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The Adventures of Huckleberry Finn

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They took Boggs to a little drug store, the crowd pressing around just the same, and the whole town following, and I rushed and got a good place at the window, where I was close to him and could see in. They laid him on the floor and put one large Bible under his head, and opened another one and spread it on his breast; but they tore open his shirt first, and I seen where one of the bullets went in. He made about a dozen long gasps, his breast lifting the Bible up when he drawed in his breath, and letting it down again when he breathed it out—and after that he laid still; he was dead. Then they pulled his daughter away from him, screaming and crying, and took her off. She was about sixteen, and very sweet and gentle looking, but awful pale and scared. They took Boggs to a little drugstore, the crowd still pressing in around him and the whole town following behind. I rushed over and got a good spot at the window, where I was close to him and could see inside. They laid him on the floor with a large Bible under his head, tore open his shirt, opened another Bible, and then spread it on his chest. I saw where one of the bullets had entered his body. Boggs made a dozen or so long gasps, his chest lifting the Bible up as he drew in his breath, then letting it down again when he exhaled. After that he lay still. He was dead. Then they pulled his daughter from him and took her away, screaming and crying. She was about sixteen, and looked very sweet and gentle, but awfully pale and scared.
Well, pretty soon the whole town was there, squirming and scrouging and pushing and shoving to get at the window and have a look, but people that had the places wouldn’t give them up, and folks behind them was saying all the time, “Say, now, you’ve looked enough, you fellows; ’tain’t right and ’tain’t fair for you to stay thar all the time, and never give nobody a chance; other folks has their rights as well as you.” Pretty soon the whole town was squirming and shoving and pushing people aside to get a look through the window. But the people already in the good spots wouldn’t give them up. The folks behind them kept saying, “Come on now, you’ve seen enough, you guys—it isn’t right or fair for you to stay there the whole time. Give someone else a chance to see. Other folks have the same right to look as you have.”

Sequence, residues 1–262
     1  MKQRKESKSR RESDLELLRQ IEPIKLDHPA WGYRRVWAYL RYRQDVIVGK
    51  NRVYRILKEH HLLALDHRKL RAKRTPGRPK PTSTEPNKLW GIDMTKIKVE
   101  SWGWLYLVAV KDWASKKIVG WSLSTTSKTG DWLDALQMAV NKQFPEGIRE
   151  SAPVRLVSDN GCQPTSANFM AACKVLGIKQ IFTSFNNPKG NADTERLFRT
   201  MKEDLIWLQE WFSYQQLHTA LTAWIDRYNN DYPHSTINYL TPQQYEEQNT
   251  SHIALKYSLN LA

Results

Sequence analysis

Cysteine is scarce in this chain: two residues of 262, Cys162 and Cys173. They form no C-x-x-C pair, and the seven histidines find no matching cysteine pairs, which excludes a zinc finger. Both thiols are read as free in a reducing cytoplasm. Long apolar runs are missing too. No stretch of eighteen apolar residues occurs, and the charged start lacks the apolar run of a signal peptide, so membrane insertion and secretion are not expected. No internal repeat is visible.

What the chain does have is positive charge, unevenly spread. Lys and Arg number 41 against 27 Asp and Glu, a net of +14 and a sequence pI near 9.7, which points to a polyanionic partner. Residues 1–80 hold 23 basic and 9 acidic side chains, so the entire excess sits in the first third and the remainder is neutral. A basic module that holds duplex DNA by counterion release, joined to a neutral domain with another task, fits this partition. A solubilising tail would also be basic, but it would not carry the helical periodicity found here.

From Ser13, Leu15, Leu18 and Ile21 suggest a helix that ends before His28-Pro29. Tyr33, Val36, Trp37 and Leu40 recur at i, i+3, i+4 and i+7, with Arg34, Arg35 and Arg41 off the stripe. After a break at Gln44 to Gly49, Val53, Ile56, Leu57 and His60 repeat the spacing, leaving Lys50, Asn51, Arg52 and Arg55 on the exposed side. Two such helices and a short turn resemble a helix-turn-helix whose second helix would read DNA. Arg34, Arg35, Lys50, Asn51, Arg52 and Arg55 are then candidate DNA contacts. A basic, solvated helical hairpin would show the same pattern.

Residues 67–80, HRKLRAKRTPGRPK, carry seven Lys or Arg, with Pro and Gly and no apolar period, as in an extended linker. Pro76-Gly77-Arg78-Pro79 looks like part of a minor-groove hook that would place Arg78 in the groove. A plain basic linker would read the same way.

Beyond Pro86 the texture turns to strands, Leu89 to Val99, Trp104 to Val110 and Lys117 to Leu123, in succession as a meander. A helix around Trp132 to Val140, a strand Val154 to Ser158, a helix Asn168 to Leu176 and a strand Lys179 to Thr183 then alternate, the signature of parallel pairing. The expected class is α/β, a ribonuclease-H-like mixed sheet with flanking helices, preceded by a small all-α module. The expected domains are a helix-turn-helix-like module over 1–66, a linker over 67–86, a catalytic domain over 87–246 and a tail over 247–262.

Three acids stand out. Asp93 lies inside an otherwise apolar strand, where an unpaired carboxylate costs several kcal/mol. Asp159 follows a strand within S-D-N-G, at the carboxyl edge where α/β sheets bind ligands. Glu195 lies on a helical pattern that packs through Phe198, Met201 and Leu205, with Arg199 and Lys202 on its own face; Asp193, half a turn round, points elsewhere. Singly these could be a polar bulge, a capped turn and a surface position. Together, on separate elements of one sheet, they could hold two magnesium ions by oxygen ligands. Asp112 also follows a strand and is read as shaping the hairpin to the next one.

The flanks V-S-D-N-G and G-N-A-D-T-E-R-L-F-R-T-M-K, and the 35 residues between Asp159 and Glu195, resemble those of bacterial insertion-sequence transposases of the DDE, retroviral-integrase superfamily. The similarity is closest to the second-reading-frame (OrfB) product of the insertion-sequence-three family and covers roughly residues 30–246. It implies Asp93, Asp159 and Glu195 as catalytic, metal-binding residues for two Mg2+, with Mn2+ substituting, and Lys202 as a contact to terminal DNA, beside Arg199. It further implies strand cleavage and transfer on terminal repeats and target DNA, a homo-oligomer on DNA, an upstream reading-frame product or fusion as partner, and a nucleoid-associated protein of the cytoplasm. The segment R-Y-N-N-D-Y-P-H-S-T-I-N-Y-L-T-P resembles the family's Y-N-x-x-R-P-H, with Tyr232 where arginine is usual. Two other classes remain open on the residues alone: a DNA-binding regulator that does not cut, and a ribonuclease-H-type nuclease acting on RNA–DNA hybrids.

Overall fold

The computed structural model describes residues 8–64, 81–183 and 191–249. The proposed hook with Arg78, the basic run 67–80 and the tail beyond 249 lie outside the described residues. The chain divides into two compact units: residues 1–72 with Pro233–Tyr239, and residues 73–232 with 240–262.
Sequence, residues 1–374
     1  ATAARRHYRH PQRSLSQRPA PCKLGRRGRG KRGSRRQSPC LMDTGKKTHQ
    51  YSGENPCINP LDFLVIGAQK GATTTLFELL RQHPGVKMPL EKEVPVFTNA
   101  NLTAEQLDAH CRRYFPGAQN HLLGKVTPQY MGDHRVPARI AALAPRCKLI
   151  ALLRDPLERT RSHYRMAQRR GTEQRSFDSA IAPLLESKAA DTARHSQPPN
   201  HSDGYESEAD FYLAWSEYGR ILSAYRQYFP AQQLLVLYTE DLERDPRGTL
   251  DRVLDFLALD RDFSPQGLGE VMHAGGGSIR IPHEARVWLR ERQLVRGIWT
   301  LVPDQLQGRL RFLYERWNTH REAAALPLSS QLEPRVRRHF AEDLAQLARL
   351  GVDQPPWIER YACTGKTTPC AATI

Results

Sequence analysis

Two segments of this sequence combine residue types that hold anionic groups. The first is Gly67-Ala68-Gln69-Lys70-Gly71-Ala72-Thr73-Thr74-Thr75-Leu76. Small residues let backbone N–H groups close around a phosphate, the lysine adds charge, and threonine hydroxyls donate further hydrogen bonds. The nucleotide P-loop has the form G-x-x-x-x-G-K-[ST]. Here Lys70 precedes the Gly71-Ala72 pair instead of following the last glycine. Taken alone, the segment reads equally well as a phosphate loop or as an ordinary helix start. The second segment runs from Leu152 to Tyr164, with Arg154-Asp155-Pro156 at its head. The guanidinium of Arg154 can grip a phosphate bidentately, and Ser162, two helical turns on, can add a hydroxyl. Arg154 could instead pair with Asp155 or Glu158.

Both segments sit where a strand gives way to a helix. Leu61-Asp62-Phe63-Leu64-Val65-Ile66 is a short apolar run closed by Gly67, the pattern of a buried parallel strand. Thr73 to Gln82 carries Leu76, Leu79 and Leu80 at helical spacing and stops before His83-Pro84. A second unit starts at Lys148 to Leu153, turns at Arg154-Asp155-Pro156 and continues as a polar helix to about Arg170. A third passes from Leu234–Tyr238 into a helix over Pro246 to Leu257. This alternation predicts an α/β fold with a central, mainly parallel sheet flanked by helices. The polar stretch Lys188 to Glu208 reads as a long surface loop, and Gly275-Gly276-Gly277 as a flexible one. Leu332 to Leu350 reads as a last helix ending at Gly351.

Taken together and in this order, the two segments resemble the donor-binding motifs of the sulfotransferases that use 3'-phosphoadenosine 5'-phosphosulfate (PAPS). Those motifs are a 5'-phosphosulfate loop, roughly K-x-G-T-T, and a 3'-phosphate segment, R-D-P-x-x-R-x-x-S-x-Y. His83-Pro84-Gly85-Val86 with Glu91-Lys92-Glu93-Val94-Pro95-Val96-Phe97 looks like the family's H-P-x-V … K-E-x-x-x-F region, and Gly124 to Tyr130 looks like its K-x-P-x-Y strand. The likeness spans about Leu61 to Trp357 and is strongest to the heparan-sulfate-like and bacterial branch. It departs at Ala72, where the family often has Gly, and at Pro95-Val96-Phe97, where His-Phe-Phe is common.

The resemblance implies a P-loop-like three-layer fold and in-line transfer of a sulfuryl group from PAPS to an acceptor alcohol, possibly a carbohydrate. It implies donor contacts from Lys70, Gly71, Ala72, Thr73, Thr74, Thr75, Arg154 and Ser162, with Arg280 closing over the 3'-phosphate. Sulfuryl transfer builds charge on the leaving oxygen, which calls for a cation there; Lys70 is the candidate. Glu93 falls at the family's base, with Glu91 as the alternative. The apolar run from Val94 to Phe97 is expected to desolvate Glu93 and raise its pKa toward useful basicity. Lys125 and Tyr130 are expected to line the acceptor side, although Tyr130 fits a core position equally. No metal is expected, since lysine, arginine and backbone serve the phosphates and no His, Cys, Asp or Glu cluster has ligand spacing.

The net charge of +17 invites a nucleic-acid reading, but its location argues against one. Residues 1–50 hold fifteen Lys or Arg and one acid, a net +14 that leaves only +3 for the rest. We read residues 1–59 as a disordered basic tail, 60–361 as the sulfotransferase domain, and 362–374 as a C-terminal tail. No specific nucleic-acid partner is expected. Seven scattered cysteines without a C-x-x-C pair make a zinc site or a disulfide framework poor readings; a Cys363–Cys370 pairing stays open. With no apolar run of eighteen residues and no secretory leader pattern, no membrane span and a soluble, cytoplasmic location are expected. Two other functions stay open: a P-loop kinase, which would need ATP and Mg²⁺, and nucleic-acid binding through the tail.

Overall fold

There was considerable jawing back, so I slid out, thinking maybe there was going to be trouble. The streets was full, and everybody was excited. Everybody that seen the shooting was telling how it happened, and there was a big crowd packed around each one of these fellows, stretching their necks and listening. One long, lanky man, with long hair and a big white fur stovepipe hat on the back of his head, and a crooked-handled cane, marked out the places on the ground where Boggs stood and where Sherburn stood, and the people following him around from one place to t’other and watching everything he done, and bobbing their heads to show they understood, and stooping a little and resting their hands on their thighs to watch him mark the places on the ground with his cane; and then he stood up straight and stiff where Sherburn had stood, frowning and having his hat-brim down over his eyes, and sung out, “Boggs!” and then fetched his cane down slow to a level, and says “Bang!” staggered backwards, says “Bang!” again, and fell down flat on his back. The people that had seen the thing said he done it perfect; said it was just exactly the way it all happened. Then as much as a dozen people got out their bottles and treated him. There was a lot of talking back and forth, so I left, thinking there might be some trouble. The streets were full, and everyone was excited. Everyone who’d seen the shooting was telling others how it’d happened. There was a big crowd packed around each witness, everyone stretching their necks and listening. One long, lanky man with long hair, a big white fur stovepipe hat perched on the back of his head, and a cane with a crooked handle marked the places on the ground where Boggs and Sherburn had stood. People followed him around from place to place, watching everything he did, stooping down a little with their hands on their thighs to watch him mark up the ground with his cane, and nodding their heads to show they understood. He stood up straight and stiffly where Sherburn had stood, frowning with the brim of his hat down over his eyes, and cried out, “Boggs!” Then he brought his cane down slowly until it was level, and said, “Bang!” staggerd backwards, said, “Bang!” again, and fell down flat on his back. The people who’d witnessed the shooting said he’d reenacted it perfectly—they said that that was exactly the way it had all happened. Then as many as a dozen people pulled out their bottles and treated him to a drink.
Well, by and by somebody said Sherburn ought to be lynched. In about a minute everybody was saying it; so away they went, mad and yelling, and snatching down every clothes-line they come to to do the hanging with. Well, pretty soon someone said that Sherburn ought to be lynched. After another minute, everyone was saying it. Then they went off, angry and yelling and ripping down every clothesline they passed to hang him with.

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